Addressing a question of first impression in Grace v. Law, et al., the Court of Appeals adopted the plaintiff-client’s contention that a “likely to succeed” standard should be applied, rejecting the defendant-attorneys’ contention that a malpractice claim should be barred when the client fails to pursue a nonfrivolous or meritorious appeal that a reasonable lawyer would pursue.
In doing so, the Court noted that the First and Fourth Departments have examined similar circumstances presented in the settlement context and the decisions generally stand for the proposition that an attorney should be given an opportunity to vindicate him or herself on appeal of an underlying action before being subjected to a legal malpractice suit.
In Grace v. Law, the Appellate Division had adopted the “likely to succeed” standard employed by Nevada and Florida with a proximate cause element, and the Court of Appeals “agree[d] that this is the proper standard, and that prior to commencing a legal malpractice action, a party who is likely to succeed on appeal of the underlying action should be required to press an appeal. However, if the client is not likely to succeed, he or she may bring a legal malpractice action without first pursuing an appeal of the underlying action.”
The Court concluded that, on balance, this standard is the most efficient and fair to all parties by allowing the appellate courts to correct trial court errors and allowing attorneys to avoid unnecessary malpractice suits by giving them a chance to change their clients’ unfavorable result. The Court rejected the argument by the lawyers, who were defending themselves, that the “likely to succeed” standard will require courts to speculate on the success of an appeal, stating that the courts engage in this type of analysis when deciding malpractice actions generally. The Court also rejected the nonfrivolous/meritorious appeal standard in the belief that it “would require virtually any client to pursue an appeal prior to suing for legal malpractice.”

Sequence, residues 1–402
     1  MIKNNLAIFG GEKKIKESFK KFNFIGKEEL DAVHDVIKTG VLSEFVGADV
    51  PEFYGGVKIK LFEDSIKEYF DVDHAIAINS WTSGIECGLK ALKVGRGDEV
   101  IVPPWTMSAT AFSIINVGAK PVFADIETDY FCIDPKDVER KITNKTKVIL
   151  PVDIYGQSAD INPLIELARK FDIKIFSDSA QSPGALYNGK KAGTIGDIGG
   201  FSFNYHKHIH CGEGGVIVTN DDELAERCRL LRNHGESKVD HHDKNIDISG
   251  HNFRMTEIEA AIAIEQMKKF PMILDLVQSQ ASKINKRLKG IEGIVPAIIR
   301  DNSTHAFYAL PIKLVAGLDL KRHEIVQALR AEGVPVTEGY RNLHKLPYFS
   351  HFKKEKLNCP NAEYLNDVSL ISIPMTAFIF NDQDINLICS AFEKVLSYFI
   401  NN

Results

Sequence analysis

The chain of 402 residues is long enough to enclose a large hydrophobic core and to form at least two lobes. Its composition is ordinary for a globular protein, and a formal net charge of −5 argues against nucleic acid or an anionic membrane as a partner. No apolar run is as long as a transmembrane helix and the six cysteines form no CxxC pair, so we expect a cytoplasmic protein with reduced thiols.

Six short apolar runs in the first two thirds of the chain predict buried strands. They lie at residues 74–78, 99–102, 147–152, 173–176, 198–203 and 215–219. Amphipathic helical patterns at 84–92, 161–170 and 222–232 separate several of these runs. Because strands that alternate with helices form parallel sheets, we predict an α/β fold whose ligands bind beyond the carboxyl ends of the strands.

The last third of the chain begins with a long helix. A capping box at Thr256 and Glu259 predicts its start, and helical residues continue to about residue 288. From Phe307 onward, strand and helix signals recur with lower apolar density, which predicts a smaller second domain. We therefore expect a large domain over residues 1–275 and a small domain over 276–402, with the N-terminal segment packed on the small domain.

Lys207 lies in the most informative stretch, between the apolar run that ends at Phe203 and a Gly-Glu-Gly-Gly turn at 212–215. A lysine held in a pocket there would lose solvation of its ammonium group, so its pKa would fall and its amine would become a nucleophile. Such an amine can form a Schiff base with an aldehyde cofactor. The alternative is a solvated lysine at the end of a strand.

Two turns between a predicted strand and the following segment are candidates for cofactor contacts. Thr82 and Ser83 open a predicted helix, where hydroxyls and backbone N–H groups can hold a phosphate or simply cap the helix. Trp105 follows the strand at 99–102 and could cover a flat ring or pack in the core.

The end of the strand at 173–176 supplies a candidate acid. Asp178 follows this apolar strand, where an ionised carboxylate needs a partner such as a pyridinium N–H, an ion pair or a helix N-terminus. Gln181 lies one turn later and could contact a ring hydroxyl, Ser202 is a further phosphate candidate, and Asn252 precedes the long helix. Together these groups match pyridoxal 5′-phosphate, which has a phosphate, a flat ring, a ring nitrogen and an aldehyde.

In Grace v. Law, the plaintiff lost the sight in one eye allegedly because of a delay by his ophthalmologist in detecting his glaucoma. Grace retained two firms at times to pursue an administrative appeal or medical malpractice action against the Veteran’s Administration and the doctor. The federal court dismissed plaintiff’s claims against the doctor and the University of Rochester as time-barred and dismissed the claims against the VA for lack of jurisdiction under the Federal Tort Claims Act because the doctor was an independent contractor and not a VA employee. The court left one claim against the VA for failing to schedule a follow-up appointment for Grace in a timely manner when he first came for treatment.
Instead of discontinuing the medical malpractice action, as the law firm then recommended because of its expense and uncertain prospect, Grace commenced a legal malpractice action against the two firms.
Applying the “likely to succeed” standard to the merits, the Court of Appeals concluded that the defendants failed to establish that plaintiff would have been successful on appeal in demonstrating that the doctor was a VA employee rather than an independent contractor that counsel was required to name as a defendant separate from the VA.